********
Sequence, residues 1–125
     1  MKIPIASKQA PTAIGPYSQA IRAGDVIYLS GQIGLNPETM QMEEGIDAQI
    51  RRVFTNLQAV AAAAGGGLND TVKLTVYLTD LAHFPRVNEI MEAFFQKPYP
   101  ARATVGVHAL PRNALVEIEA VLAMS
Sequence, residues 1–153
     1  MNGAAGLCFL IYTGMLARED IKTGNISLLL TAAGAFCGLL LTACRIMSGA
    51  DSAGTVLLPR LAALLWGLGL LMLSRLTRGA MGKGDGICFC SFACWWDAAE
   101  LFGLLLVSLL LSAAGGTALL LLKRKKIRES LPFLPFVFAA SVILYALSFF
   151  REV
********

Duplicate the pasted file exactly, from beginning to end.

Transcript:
Sequence, residues 1–125
     1  MKIPIASKQA PTAIGPYSQA IRAGDVIYLS GQIGLNPETM QMEEGIDAQI
    51  RRVFTNLQAV AAAAGGGLND TVKLTVYLTD LAHFPRVNEI MEAFFQKPYP
   101  ARATVGVHAL PRNALVEIEA VLAMS
Sequence, residues 1–153
     1  MNGAAGLCFL IYTGMLARED IKTGNISLLL TAAGAFCGLL LTACRIMSGA
    51  DSAGTVLLPR LAALLWGLGL LMLSRLTRGA MGKGDGICFC SFACWWDAAE
   101  LFGLLLVSLL LSAAGGTALL LLKRKKIRES LPFLPFVFAA SVILYALSFF
   151  REV